At West Meck, a poet writes about storm’s destruction, about whether to go or stay

A part-time poet, a homeless truck driver and a mom and her kids running from the storm — all were among the residents Sunday at a Red Cross shelter set up inside West Mecklenburg High School.

With Hurricane Florence still assaulting Charlotte, the school’s gym had been turned into what one of the temporary neighbors called a “safe haven” from the relentless rain outside.

Statewide, about 20,000 North Carolinians have taken refuge in a shelter, which offer a cot to sleep on and three hot meals a day.

Marion Shepherd, 53, had checked in to the shelter — a first for him — on Saturday night along with his daughter, LaShanna, 30, and his grandson, Antione Rivers, 8.

“By my house (off Brookshire Boulevard), I have a lot of trees, and I didn’t feel safe staying at home,” said Shepherd, a retired electrician and now an Uber driver whose memories of Hurricane Hugo’s punch convinced him to take Florence seriously.

While his daughter slept on a Red Cross cot and his grandson tossed a football and watched cartoons with a new friend, Shepherd found a semi-comfortable spot in the bleachers and spent his Sunday writing a poem.

He’s calling it “Hurricane Florence.”

“For over a year I wasn’t able to watch television,” it begins.

“So everyday seemed to be the same.

Then one day my daughter told me a hurricane was coming our way,

And Florence was her name.”

It ends with a line about people who want to stay, then:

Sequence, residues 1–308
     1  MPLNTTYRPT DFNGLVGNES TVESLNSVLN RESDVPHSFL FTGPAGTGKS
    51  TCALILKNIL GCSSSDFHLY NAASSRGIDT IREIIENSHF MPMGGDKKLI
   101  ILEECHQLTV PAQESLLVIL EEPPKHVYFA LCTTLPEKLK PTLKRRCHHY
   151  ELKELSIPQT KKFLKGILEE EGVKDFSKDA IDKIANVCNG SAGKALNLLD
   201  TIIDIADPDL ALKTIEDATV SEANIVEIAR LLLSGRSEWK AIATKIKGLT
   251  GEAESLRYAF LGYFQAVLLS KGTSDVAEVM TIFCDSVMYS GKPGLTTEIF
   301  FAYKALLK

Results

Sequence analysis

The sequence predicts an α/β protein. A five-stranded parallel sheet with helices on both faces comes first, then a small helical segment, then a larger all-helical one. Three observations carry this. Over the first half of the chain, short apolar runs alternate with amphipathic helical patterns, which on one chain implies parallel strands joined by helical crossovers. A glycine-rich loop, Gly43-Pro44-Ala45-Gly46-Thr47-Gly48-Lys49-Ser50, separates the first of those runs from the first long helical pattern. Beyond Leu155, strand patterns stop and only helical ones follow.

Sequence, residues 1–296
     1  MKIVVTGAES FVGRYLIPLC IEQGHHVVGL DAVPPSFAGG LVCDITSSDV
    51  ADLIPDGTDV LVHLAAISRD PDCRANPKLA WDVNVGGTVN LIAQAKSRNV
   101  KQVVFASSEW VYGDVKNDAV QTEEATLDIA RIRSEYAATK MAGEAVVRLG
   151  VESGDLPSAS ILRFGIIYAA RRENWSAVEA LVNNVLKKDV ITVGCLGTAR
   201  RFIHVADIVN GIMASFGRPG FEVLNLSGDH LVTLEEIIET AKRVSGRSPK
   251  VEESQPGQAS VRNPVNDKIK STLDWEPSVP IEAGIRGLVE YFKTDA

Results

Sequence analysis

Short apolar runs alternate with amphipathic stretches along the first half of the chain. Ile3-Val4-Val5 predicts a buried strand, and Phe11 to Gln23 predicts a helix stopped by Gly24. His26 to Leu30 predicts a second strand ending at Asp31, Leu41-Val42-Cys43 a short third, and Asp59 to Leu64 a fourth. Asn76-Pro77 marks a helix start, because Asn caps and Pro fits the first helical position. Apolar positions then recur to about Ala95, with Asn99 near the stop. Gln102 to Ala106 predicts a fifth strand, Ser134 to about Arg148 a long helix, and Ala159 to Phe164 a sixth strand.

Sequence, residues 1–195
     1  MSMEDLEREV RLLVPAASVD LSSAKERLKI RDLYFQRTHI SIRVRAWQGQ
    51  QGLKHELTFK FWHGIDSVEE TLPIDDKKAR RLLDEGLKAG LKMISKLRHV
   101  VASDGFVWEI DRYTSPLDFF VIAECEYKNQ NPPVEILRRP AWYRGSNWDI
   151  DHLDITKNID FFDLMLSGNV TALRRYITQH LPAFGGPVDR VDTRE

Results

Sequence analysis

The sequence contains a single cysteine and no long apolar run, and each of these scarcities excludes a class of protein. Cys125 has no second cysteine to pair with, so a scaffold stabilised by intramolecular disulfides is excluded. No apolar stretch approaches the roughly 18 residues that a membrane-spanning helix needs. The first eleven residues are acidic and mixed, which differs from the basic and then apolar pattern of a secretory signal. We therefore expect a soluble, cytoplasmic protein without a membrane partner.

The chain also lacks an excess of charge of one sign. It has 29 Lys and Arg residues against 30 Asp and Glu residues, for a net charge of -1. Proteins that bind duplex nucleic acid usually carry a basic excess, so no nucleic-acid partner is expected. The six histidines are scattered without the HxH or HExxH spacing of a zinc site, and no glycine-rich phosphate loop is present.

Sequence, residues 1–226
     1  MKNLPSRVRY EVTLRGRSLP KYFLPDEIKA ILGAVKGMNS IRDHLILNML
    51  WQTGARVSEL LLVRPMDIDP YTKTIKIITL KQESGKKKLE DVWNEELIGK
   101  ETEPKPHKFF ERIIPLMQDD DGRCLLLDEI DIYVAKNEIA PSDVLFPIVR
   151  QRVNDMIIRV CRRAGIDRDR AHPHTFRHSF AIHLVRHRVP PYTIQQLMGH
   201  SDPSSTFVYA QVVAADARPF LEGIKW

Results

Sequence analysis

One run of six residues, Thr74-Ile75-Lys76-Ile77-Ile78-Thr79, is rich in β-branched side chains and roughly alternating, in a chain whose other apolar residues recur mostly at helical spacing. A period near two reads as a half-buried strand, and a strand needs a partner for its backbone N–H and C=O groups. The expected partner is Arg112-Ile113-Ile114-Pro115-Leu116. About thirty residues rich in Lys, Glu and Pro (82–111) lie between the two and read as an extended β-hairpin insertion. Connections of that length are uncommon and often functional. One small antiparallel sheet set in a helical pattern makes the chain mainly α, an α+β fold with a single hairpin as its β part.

“But I have seen the destruction of these storms,

“And I know to leave and get out of their way.”

Jesse James Bristow.JPG
Jesse James Bristow, a Charlotte-born trucker, found refuge from Hurricane Florence on Sunday in the Red Cross shelter at West Mecklenburg High School. Tim Funk The Charlotte Observer

Down on the gym floor, Jesse James Bristow, 60, was trying to get some shut-eye, his head resting on balled up Red Cross blankets.

These days, his only home is whatever tractor-trailer truck he’s driving. And as Hurricane Florence landed in North Carolina, the Charlotte native was between truck assignments.

“My money was depleted and I had nowhere to go” he said.

So a friend who drives a cab dropped him off at the Red Cross shelter, at no cost. “The storm was coming, so I figured it was a safe haven.”

On adjacent cots were Auriel Tinsley and her son, Colin, 3.

She and her kids — nearby were Carter, 5, and Caleb, 1 — hail from Hope Mill near Fayetteville. And on Thursday, amid all the dire headlines about Hurricane Florence, Tinsley scooped up her three small children and got on a Greyhound bus bound for Charlotte.

“I was just running from the storm,” said Tinsley, 26, who works at Food Lion. “I wanted to get farther away (from the hurricane). I was scared.”

She, her children and her grandmother, 66, have been at the Red Cross shelter since Friday morning.

And she plans to stay put for awhile. “I’m just riding a wave,” she said. “We’ll go back when it’s over.

Tim Funk: 704-358-5703; @timfunk

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